18 Key Points Technical legal argument based on jurisdiction A general Act (the Building Code Act) does not supercede a specific Act (the Professional Engineers Act) unless it specifically states it does. Regulations (Building Code) are subordinate to statute (Building Code Act) and thus everything within the regulation must be duly authorized by the Act. Establishes precedent for all regulated professions in Canada regarding exclusive jurisdiction
19 Following the Decision In September 2007, the Ontario Superior Court of Justice found that PEO was entitled to “substantial indemnity costs” for its defence of engineering self-regulation and awarded PEO $75,000. Significant progress on two other “qualified persons” regimes have been made and we expected them to be completely dismantled by year-end.
20 Residual Issues PEO members have reported that some Building Departments will not accept their work in support of a building permit application without a BCIN, if the work is not sealed. A March 31, 2008 letter from the chair of EABO (an Engineers, Architects and Building Officials joint committee) states as a concern that Building Officials may “no longer have the tools they need to enforce the legal requirements for professional design standards”.
21 Impact on Public Interest PEO is concerned that some Building Departments believe that as a result of the court decision they cannot enforce the legal requirements for professional design standards. It is unclear to PEO how the court decision has had any affect on professional design standards, since it said only that holders of PEO licences no longer require BCINs and the allocation of responsibility between engineers and architects is properly within the jurisdiction of the Professional Engineers Act and the Architects Act.
22 Impact on Public Interest Building officials are still required to ensure designs comply with all Building Code design standards for public safety protection. PEO is troubled that Building Officials appear still to seek to include within the Building Code Act or the Building Code sections or articles establishing qualifications for PEO licence holders for the purpose of issuing a building permit and allocating responsibility to engineers and/or architects.
23 Impact on Public Interest In striking down sections of the Building Code Act and of the Building Code, the court upheld the exclusive regulatory jurisdiction of PEO over holders of any licence or certificate issued under the Professional Engineers Act. The decision of the three Justices was very clear that it is the responsibility of the Ontario Association of Architects (OAA) and PEO to establish and enforce standards of practice and scopes of practice for architects and PEO licence holders.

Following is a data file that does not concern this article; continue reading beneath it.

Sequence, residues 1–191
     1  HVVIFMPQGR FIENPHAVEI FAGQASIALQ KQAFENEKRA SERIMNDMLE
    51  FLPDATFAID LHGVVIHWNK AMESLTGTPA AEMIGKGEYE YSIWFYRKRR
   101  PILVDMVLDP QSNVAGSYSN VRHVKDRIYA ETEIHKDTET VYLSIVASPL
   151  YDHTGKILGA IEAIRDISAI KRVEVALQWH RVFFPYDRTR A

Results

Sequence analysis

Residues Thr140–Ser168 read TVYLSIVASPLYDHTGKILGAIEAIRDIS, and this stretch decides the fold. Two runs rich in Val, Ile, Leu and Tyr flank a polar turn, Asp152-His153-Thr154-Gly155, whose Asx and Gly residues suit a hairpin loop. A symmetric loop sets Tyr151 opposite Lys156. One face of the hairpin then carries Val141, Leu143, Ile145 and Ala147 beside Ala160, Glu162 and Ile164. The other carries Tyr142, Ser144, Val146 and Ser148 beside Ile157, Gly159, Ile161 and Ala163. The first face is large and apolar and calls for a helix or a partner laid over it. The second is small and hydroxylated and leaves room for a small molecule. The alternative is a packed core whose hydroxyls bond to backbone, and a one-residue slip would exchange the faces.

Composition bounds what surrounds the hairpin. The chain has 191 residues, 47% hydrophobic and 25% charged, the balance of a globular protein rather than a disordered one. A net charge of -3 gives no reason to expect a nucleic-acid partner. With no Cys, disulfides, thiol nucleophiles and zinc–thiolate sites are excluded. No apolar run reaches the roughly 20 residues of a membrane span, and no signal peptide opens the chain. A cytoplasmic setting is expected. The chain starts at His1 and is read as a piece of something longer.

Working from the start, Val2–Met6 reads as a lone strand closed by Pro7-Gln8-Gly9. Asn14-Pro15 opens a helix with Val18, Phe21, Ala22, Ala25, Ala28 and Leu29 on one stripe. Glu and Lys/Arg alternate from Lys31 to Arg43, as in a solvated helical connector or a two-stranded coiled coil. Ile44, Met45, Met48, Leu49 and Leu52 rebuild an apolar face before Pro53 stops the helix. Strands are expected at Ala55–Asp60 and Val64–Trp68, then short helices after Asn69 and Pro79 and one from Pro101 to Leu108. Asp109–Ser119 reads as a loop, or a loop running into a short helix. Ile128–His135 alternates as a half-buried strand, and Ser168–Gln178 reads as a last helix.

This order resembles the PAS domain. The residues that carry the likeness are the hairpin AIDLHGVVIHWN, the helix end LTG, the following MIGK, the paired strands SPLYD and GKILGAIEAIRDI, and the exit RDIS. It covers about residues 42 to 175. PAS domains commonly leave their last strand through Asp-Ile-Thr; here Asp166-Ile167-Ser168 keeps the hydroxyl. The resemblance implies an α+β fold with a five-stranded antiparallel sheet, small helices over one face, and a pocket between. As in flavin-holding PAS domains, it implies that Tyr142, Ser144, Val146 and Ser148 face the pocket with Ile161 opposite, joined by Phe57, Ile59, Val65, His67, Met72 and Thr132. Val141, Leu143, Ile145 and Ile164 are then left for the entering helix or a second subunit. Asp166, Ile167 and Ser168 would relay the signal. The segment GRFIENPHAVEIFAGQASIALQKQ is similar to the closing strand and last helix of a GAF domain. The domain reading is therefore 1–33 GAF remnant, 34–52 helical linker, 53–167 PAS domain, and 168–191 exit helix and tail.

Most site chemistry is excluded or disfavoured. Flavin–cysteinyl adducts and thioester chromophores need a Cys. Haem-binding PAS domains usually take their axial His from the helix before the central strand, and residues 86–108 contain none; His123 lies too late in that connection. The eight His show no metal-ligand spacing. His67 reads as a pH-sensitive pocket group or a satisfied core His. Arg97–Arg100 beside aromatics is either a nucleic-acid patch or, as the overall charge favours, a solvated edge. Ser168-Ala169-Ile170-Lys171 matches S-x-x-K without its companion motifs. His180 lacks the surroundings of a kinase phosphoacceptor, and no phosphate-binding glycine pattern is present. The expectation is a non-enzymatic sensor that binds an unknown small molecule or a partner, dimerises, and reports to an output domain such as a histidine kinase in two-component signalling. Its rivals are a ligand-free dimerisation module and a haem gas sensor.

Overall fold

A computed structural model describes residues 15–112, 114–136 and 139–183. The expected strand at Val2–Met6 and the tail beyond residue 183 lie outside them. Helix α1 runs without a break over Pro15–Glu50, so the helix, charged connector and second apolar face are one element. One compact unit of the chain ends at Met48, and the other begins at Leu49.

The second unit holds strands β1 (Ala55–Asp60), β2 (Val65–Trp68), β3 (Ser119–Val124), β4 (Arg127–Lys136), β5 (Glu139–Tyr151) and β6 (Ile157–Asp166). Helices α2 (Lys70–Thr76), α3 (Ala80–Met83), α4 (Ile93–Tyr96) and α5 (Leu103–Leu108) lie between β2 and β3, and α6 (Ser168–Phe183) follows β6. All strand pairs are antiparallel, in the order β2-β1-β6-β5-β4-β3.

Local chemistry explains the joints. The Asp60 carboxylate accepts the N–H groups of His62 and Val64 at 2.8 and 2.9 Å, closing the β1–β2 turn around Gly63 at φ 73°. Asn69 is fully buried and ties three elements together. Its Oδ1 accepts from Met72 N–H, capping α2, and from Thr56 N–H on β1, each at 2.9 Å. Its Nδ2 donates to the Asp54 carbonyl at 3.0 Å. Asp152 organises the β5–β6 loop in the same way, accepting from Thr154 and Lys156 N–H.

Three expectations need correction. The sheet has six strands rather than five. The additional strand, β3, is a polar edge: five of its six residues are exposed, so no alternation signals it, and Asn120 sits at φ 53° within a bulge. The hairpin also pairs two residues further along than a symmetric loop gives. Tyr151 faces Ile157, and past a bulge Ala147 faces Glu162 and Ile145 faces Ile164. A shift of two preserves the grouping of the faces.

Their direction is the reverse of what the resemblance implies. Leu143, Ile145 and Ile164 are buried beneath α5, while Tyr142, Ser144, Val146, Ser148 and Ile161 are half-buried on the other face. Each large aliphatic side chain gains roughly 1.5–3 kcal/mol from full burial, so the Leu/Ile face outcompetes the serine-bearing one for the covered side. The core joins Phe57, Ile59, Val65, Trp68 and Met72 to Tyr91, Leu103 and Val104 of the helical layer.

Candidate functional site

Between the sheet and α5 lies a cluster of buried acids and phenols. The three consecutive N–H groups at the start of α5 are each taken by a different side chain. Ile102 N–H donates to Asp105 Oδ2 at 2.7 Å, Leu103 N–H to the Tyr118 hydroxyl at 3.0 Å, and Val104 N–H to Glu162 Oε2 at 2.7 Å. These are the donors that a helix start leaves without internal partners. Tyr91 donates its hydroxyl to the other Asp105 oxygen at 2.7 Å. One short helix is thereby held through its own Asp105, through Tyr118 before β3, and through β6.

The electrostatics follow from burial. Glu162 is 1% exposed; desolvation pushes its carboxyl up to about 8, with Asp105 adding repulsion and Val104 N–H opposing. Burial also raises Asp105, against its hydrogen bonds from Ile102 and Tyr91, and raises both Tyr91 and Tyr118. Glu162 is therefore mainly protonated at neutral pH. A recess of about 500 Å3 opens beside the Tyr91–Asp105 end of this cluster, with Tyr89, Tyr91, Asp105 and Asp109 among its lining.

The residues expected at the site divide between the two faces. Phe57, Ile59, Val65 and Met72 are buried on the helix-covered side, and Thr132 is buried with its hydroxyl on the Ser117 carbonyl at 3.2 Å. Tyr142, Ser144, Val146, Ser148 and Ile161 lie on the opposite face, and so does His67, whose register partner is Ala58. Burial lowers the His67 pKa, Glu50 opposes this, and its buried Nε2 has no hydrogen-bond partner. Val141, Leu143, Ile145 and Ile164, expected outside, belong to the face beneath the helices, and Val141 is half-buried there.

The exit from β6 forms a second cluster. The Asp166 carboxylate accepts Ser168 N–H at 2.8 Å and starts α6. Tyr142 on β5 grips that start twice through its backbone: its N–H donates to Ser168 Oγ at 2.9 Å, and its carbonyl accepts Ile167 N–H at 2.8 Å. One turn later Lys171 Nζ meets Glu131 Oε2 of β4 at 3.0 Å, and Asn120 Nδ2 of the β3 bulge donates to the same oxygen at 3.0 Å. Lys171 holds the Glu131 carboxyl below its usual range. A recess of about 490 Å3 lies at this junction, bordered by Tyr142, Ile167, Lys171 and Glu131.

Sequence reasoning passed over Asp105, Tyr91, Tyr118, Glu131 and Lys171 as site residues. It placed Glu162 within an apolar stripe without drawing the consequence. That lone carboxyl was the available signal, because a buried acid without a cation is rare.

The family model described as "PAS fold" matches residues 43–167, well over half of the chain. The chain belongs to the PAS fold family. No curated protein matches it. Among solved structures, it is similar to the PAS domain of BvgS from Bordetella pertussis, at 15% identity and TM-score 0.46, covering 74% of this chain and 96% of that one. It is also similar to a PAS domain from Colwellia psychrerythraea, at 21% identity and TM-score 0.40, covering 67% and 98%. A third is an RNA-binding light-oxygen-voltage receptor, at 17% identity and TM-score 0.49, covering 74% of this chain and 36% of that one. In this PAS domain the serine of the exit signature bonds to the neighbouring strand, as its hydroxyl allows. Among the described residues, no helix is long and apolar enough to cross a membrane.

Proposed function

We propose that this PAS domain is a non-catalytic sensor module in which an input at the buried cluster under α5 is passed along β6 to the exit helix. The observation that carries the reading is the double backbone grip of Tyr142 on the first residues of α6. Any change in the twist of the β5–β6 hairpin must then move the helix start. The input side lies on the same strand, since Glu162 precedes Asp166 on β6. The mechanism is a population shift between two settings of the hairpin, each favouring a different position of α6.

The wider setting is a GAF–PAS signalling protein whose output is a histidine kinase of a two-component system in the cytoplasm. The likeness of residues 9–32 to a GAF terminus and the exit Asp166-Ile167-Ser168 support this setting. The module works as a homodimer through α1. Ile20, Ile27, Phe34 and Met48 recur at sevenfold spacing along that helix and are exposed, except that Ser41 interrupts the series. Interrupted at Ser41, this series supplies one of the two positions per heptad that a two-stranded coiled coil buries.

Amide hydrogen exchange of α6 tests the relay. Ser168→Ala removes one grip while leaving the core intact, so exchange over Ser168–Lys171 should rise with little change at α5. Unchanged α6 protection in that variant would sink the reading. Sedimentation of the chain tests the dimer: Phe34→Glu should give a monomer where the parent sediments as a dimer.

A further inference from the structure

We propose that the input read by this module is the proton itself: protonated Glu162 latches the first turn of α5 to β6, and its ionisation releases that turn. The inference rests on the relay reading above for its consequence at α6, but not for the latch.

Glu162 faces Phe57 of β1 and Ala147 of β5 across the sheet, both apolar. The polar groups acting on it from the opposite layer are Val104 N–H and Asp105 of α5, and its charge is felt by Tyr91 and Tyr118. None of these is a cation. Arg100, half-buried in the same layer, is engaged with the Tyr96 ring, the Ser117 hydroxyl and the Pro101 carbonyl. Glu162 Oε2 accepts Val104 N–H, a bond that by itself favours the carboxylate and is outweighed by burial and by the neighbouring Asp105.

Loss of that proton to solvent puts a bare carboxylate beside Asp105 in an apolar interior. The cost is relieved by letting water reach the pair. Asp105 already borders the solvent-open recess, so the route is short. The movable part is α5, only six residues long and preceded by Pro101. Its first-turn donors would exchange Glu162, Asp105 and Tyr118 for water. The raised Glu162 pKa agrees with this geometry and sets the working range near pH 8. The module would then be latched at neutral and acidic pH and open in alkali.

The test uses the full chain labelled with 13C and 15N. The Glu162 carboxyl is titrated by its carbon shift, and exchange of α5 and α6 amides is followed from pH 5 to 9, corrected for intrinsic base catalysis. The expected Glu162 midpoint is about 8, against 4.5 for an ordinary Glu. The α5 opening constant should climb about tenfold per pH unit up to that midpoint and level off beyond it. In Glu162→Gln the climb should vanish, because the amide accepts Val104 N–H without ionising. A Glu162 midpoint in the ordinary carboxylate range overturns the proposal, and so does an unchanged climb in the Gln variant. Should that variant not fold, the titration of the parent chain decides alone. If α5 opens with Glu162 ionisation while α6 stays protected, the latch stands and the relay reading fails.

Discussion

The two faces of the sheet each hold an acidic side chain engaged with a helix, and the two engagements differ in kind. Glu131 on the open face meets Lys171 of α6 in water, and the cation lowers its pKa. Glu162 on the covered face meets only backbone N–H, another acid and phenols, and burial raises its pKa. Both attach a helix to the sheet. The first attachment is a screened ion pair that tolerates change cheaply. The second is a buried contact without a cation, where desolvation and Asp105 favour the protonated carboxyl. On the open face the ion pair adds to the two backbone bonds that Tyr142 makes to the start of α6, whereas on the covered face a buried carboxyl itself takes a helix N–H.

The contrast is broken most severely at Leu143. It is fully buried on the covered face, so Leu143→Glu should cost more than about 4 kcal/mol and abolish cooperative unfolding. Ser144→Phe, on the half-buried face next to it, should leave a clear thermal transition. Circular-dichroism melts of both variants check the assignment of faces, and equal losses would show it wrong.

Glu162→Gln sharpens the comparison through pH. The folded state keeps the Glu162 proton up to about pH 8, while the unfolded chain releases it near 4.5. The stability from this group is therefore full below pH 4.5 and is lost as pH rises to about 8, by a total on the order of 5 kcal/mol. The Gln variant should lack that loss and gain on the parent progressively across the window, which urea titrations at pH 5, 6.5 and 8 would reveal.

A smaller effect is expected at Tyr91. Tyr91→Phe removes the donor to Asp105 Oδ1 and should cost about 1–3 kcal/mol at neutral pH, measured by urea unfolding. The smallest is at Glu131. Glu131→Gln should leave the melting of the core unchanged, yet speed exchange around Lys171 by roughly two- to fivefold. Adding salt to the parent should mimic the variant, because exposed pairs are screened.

24 Impact on Public Interest As a regulator, PEO cannot support overlapping legislative responsibility for its licence holders. Overlapping and/or conflicting legislation is confusing to practitioners and the public, and unnecessarily increases regulatory burden. The Building Code and the Professional Engineers Act are meant to be complementary: –the Building Code deals with the public safety objectives of buildings; –the Professional Engineers Act deals with the qualifications of the professionals who interpret the Building Code safety requirements and establish public accountability mechanisms for their professional practice.
25 Impact on Public Interest PEO Council is willing to use its regulation-making powers under the Professional Engineers Act to ensure the protection of the public, if there are identified problems with the qualifications, scopes of practice or standards of practice of the holder of any licence or certificate issued by PEO.
26 Questions and Answers PEO updates its Questions and Answers document on the Building Code legal challenge victory with the subsequent issues arising and republishes on its website at: www.peo.on.ca/registration/Building_Regulation_Registrat ion_Program.htm. The website page also includes links to the legal decision (www.peo.on.ca/Legal/2007canlii.pdf) and Ministry of Municipal Affairs and Housing’s Questions and Answers (www.obc.mah.gov.on.ca/Page2955.aspx).